Maths Gym for Brainiacs
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Re: Maths Gym for Brainiacs
kiranr wrote:
I think this is about arranging each column in a sequence.
So for 2 columns, there are 2! = 2 ways. For 3 columns, there are 3! = 6 ways. For 4 columns, there are 4! = 24 ways. For 6 columns there are 6! = 720 ways. For n columns, there are n! ways.
You didn't think the question would be this easy? Am I known for easy questions?spanky wrote:kiranr wrote:
I think this is about arranging each column in a sequence.
So for 2 columns, there are 2! = 2 ways. For 3 columns, there are 3! = 6 ways. For 4 columns, there are 4! = 24 ways. For 6 columns there are 6! = 720 ways. For n columns, there are n! ways.
im gonna sign this post with a gif
Absolutely right!alexander mahone wrote:Is it really that many ways for 4 columns? I don't see it, lol, maybe I'm seeing it wrong. I tried to just expanding from the result for 3 columns to get the numbers of ways for 4 columns. So something like this:
 Spoiler:
I only see 3 ways to put the column 4 if the column 3 is at the very top or bottom. And there are only 2 ways to put the column 4 if the column 3 is sandwiched between column 1 and 2. Column 3 is on the top twice, on the bottom twice and being sandwiched twice. Hence I only see (3 x 4) + (2 x 2) = 16 ways for 4 columns. What are another 8 ways for 4 columns that I missed?
+1 for 4 column version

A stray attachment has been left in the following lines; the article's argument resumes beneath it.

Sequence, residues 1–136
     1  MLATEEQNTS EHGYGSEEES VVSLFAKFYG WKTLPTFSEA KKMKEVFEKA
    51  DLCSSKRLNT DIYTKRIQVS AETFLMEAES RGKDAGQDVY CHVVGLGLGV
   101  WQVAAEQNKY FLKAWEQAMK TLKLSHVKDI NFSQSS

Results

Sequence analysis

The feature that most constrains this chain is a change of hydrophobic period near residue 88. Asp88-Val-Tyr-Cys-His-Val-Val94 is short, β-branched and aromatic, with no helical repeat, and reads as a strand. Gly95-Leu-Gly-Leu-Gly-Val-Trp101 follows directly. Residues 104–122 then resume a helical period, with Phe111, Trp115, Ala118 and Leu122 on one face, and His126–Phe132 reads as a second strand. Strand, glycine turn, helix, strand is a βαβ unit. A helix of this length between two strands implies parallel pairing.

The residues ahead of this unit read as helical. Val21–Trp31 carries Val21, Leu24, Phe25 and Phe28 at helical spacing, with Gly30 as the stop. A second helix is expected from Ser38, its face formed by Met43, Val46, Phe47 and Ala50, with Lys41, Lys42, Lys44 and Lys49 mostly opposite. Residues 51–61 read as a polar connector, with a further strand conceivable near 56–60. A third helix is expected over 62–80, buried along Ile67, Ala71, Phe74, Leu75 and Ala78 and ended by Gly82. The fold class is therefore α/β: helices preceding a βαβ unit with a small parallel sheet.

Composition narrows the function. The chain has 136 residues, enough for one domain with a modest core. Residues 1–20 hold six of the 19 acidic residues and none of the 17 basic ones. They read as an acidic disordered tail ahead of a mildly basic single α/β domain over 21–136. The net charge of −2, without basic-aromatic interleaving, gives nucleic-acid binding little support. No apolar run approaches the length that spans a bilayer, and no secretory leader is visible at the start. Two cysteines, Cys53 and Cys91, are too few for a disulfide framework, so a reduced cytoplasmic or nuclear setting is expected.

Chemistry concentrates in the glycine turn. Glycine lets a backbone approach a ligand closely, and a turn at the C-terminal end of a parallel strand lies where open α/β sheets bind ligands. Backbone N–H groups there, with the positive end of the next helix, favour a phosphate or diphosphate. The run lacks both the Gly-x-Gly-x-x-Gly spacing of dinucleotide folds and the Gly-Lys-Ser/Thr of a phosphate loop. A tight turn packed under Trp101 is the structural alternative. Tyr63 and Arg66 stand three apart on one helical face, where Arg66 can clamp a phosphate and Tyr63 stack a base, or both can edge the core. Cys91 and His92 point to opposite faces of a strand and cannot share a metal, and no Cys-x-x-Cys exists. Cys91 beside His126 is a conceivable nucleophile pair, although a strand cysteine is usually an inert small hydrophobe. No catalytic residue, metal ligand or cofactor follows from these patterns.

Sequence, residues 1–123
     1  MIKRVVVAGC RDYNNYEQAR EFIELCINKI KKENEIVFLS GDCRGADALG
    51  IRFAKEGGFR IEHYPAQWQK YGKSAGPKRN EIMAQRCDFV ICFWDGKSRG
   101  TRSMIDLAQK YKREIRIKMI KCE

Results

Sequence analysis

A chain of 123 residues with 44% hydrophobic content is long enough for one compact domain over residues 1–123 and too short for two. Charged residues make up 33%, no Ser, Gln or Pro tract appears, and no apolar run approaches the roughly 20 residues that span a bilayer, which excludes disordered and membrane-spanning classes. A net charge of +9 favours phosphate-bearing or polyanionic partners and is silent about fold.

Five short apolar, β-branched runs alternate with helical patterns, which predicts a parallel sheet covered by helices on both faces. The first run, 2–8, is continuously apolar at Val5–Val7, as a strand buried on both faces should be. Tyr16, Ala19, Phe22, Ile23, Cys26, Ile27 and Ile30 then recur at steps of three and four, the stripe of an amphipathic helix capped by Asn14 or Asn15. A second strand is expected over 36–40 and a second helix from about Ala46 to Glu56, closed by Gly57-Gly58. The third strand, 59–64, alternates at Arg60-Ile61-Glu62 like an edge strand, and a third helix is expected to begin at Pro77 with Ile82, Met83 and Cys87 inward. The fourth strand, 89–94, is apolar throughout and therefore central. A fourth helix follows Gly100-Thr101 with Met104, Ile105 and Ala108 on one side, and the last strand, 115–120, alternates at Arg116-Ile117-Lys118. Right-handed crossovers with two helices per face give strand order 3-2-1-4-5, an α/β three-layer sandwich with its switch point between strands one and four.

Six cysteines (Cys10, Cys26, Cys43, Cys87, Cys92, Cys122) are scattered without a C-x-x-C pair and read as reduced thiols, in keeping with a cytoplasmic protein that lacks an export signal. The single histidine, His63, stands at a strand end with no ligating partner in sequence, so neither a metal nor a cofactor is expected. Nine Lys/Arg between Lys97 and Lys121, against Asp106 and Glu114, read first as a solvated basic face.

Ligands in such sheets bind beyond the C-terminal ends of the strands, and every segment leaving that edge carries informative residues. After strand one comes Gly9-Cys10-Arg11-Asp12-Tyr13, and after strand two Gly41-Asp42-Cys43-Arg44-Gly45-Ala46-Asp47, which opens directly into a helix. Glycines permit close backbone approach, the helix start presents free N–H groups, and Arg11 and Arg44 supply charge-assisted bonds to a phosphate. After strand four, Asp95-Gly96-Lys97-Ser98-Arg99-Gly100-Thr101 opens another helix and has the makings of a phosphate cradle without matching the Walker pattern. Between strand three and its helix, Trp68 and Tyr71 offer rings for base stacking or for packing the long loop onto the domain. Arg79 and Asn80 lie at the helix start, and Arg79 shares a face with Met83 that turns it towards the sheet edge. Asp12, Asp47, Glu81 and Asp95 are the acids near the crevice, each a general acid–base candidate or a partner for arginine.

Babun Fan Favorite
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Re: Maths Gym for Brainiacs
Is it 16 ways for 4 columns? I'm sure there's the less naive way to solve that though. Solving for the 5, 6, ... n columns obviously hard to visualize.
I only notice that we need to separate the case when the last column on the very top/bottom and when the last column being sandwiched. Number of ways that can be generated from each point when the last column on the very top/bottom is 2 for 2 columns, 3 for 3 and 4 columns, 4 for 5 and 6 columns, 5 for 7 and 8 columns, etc.
Then from each point when the last column being sandwiched eventually we also need to separate the case when the last column facing the edge between 2 columns and when it's not, because there's only 2 ways that can be generated when it's facing the edge between 2 columns and could be more when it's not
Also, among the ways coming from each point where the last column on the very top/bottom or when it's being sandwiched but not facing the edge between 2 columns, 2 of them must end up on the very top/bottom and the rest will be being sandwiched.
And from 2 ways that can be generated from each point when the last column being sandwiched and facing the edge between 2 columns, 1 of them will face the edge between 2 columns and the other one won't.